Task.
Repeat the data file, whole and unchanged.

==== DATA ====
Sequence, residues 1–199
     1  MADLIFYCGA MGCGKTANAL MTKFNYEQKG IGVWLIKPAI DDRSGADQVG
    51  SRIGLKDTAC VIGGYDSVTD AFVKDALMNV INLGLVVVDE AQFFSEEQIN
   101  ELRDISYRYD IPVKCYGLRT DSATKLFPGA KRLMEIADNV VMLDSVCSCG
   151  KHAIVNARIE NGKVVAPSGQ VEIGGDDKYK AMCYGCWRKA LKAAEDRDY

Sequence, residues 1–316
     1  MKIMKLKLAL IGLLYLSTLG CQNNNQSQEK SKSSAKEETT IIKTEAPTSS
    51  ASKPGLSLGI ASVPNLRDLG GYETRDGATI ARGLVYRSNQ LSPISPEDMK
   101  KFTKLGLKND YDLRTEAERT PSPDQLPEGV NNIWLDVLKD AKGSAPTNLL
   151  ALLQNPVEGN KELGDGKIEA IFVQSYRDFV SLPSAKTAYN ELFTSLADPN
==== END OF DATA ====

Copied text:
Sequence, residues 1–199
     1  MADLIFYCGA MGCGKTANAL MTKFNYEQKG IGVWLIKPAI DDRSGADQVG
    51  SRIGLKDTAC VIGGYDSVTD AFVKDALMNV INLGLVVVDE AQFFSEEQIN
   101  ELRDISYRYD IPVKCYGLRT DSATKLFPGA KRLMEIADNV VMLDSVCSCG
   151  KHAIVNARIE NGKVVAPSGQ VEIGGDDKYK AMCYGCWRKA LKAAEDRDY

Sequence, residues 1–316
     1  MKIMKLKLAL IGLLYLSTLG CQNNNQSQEK SKSSAKEETT IIKTEAPTSS
    51  ASKPGLSLGI ASVPNLRDLG GYETRDGATI ARGLVYRSNQ LSPISPEDMK
   101  KFTKLGLKND YDLRTEAERT PSPDQLPEGV NNIWLDVLKD AKGSAPTNLL
   151  ALLQNPVEGN KELGDGKIEA IFVQSYRDFV SLPSAKTAYN ELFTSLADPN